The Australian Bureau of Statistics (ABS) yesterday released its Regional Population report for the 2018-19 financial year, which revealed that Melbourne remained the king of the population ponzi, adding an insane 113,480 people to its population in 2018-19, representing growth of 2.3%. Sydney’s population also surged by 87,065 people in 2018-19, representing growth of 1.7% (see below table).
As usual, the growth was driven overwhelming by net overseas migration (NOM):
An incredible 151,288 migrants swamped Sydney (73,919) and Melbourne (77,369) in 2018-19. Moreover, NOM accounted for 87% of these two cities’ growth (i.e. 85% of Sydney’s and 89% of Melbourne’s).
Looking at the time series chart, you can see that Melbourne has dominated the nation’s population growth, leading the way in each and every year since 2004:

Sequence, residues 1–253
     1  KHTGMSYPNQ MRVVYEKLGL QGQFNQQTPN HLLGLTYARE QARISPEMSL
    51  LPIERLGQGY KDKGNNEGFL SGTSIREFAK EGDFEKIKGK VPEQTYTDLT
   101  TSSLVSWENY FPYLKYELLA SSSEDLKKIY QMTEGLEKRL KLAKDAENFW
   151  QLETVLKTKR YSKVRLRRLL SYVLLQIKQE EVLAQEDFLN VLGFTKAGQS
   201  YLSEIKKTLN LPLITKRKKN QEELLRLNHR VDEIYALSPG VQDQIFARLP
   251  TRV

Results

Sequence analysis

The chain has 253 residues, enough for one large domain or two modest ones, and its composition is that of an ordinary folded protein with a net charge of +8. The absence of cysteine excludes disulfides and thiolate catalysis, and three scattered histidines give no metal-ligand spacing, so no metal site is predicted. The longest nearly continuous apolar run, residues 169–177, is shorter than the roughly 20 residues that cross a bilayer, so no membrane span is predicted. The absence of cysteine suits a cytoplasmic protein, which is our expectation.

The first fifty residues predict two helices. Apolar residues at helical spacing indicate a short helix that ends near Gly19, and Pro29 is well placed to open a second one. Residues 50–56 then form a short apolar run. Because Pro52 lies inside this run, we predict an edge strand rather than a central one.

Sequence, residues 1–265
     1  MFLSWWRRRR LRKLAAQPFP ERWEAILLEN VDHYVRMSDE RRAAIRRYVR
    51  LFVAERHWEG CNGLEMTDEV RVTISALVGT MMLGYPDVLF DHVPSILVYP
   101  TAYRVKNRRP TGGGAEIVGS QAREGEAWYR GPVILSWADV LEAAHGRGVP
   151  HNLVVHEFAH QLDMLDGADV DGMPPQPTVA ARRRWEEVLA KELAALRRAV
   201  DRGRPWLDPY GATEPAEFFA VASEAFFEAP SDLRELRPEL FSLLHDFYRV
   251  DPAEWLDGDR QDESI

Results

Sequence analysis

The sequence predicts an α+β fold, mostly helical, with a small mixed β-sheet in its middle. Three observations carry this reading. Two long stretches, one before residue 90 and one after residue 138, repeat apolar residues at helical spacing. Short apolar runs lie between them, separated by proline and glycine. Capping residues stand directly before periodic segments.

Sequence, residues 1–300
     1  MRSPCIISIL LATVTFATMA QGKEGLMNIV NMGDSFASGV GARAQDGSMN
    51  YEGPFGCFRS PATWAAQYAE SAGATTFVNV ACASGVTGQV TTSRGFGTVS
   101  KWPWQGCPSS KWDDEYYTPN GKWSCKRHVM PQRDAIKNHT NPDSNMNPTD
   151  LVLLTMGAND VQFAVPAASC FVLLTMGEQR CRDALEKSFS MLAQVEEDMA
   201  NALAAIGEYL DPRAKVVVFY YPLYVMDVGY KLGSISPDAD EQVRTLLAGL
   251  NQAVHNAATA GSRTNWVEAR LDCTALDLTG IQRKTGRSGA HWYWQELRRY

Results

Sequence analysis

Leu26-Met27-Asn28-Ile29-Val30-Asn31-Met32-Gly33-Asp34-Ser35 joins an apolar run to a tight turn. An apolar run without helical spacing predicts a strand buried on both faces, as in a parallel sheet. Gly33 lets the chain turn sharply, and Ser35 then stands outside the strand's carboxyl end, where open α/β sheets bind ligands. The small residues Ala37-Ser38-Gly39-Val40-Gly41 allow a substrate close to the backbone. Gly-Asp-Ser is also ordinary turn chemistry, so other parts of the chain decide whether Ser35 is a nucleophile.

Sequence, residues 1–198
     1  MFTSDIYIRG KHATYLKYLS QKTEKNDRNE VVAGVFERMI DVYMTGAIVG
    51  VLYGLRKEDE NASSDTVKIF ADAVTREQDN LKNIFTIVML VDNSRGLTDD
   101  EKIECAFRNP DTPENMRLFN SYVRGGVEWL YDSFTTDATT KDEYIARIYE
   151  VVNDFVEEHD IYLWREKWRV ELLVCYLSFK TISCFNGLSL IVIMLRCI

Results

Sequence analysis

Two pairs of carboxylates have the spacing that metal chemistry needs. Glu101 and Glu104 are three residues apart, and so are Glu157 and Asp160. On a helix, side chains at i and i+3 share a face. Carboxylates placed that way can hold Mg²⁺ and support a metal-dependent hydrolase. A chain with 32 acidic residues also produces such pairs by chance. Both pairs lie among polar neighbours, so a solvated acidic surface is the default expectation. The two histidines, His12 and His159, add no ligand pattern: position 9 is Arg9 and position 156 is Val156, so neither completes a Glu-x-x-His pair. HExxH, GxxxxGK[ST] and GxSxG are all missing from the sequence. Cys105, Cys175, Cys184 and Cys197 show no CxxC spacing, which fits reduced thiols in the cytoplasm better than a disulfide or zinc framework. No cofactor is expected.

In the 15 years to 2019, Melbourne added more than 1.4 million people (+39%), whereas Sydney added more than 1.1 million people (+27%):
Not surprisingly, then, Melbourne’s population is fast catching up with Sydney’s, with the population gap with the other capitals also widening:
There are two fundamental problems here: the sheer immigration intake is far too high, as well as far too concentrated into just Sydney and Melbourne.
One positive arising from the coronavirus outbreak is that it should hammer net overseas migration in 2020.